A record of the Sportsman's Battalions during the First World War, including a database of soldiers who enlisted in - or served with - the 23rd, 24th and 30th Royal Fusiliers, originally raised by Mrs. Emma Cunliffe-Owen in September 1914. If you have any questions or comments, please send to fmsketches@macbrem.com, thanks!

March 9, 1915

Dundee Courier


The 23d (Service) Battalion of the Royal Fusiliers, more familiarly known as the “First Sportsmen’s Battalion,” contains a very fine class of men. In its ranks are men famous in various branches of sport, such as Association football, Rugby football, cricket, etc., and in this battalion are included no fewer than eighty men from Dundee and district. This photograph, taken at the training camp at Hornchurch, shows the members of the band. Fourth from the right in the back row is Bandsman Moncur, 32 Bell Street, Dundee. In the front row, fourth from the right is a Montrose man, while second from the left in the front row is a Glasgow man who was formerly a member of the Dunfermline Trust Band. The First Sportsmen’s Battalion Band has Englishmen, Scotchmen, Irishmen, and Welshmen amongst its members. The Marquis of Maitland, Colonel of the battalion, is in the front row, with Adjutant Inglis on his right, and Captain Church on his left.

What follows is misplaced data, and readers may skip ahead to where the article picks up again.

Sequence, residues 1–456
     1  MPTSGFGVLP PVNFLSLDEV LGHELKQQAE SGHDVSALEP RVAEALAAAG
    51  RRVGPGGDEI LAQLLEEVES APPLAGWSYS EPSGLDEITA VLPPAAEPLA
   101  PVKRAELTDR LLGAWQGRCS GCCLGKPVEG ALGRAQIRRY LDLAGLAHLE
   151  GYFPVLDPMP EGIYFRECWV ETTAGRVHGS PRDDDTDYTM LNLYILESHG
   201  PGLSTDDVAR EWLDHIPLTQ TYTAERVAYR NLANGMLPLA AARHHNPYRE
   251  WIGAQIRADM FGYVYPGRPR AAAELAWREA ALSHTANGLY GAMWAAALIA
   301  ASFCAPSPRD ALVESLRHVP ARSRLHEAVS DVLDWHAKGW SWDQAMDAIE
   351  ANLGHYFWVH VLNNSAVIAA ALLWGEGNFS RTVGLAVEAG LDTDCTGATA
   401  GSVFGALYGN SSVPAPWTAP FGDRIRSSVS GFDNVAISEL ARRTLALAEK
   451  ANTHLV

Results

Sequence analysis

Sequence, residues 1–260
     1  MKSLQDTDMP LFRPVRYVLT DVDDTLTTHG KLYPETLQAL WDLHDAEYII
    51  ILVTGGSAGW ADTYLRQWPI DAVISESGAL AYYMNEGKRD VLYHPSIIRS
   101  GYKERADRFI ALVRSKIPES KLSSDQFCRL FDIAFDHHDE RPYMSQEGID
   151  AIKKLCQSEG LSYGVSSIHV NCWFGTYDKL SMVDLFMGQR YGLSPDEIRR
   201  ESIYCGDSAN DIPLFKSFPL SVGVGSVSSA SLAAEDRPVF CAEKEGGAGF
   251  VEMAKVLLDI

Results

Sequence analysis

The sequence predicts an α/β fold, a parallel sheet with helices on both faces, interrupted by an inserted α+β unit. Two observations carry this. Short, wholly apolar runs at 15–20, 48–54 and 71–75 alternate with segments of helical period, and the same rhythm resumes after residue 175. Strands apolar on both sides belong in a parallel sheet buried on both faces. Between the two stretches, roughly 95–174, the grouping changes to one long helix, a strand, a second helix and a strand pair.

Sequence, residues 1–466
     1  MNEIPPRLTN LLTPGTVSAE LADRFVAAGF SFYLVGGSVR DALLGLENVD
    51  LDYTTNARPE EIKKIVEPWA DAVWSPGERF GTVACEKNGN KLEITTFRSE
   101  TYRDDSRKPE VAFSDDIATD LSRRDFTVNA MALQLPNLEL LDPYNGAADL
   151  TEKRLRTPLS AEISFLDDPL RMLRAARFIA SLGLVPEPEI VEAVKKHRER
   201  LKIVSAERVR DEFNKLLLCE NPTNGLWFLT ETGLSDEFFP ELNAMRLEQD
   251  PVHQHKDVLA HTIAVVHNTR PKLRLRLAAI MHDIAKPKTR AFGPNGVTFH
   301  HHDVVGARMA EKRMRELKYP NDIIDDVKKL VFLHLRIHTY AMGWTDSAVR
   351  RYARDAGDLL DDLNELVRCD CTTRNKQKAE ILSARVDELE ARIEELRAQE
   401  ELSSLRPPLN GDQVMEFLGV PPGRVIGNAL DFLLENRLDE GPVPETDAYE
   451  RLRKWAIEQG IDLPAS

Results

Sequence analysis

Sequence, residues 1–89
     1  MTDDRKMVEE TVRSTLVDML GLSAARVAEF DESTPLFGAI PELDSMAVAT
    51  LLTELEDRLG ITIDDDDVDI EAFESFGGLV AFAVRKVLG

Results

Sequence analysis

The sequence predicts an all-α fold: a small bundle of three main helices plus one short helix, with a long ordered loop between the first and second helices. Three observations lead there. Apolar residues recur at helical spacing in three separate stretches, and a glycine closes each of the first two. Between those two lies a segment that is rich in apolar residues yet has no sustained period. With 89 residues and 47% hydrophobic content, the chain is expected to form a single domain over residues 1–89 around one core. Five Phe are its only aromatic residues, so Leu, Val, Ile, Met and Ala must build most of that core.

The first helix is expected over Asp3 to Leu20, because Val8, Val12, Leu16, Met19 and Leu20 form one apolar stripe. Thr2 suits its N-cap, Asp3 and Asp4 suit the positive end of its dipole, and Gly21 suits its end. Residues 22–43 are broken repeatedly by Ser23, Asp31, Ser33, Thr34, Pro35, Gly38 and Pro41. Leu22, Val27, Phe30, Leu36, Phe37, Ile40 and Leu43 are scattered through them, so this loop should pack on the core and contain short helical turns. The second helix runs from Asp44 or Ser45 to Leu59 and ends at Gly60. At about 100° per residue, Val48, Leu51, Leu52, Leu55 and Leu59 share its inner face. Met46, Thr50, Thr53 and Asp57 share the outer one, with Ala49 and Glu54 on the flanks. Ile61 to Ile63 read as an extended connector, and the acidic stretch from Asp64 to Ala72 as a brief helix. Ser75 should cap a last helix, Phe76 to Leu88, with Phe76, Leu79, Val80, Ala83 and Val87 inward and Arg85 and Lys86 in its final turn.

Exeter and Plymouth Gazette

Sportsmen’s Batt.



The “C” (West-country) Company of the 24th Service Battalion Royal Fusiliers (2nd Sportsmen’s) which has been stationed at Exeter for some time past, and is shortly leaving to join the Battalion, was inspected by the Mayor of Exeter (Mr. J. G. Owen), who was accompanied by several members of the City Council, at Bury Meadow, yesterday. The Company, which was under the command of Captain a. E. Dunn, assembled in the Castle Yard, where the men were inspected by Colonel Western (officer commanding No. 8 District). About 280 men were on parade, and presented a smart appearance. The officers, in addition to Captain Dunn, were Lieutenants Perkins and Templeman, while Company-Sergeant-Major Finch was also present. Headed by is band, the company marched to Bury Meadow via High-street and Queen-street. After closely inspecting the men the Mayor, in the course of a speech, said how pleased he was at their appearance. Although not a military man, he was able to distinguish between a mere slouch or ragged parade and a real regular one. He was struck by the great improvement in bearing and drill. The latte day recruit drilled with his brain as well as his body, and the two acting in union gave an excellent result. He understood they were soon to join their Battalion, and he hoped they would give their superior officers as good an impression as they provided at Exeter, and that the Battalion would be proud of the men of Devon and Cornwall. He hoped that whatever befall them, they would remember the tow mottos of Devon and Cornwall and would be “Ever Faithful,” and they “one and all” would do their utmost to support and maintain the integrity of the Empire. On behalf of the citizens he wished them God-speed, great glory, and a safe return. (Applause.)

Three cheers were heartily given for the Mayor and Mayoress on the call of Sergeant-Major Finch.

Captain Dunn, in thanking the Mayor for his reviewing the Company, said he would like to take the opportunity of expressing sincere thanks for the great kindnesses extended by the inhabitants of the dear old city. The men would go nowhere where they could be more happy and contented.

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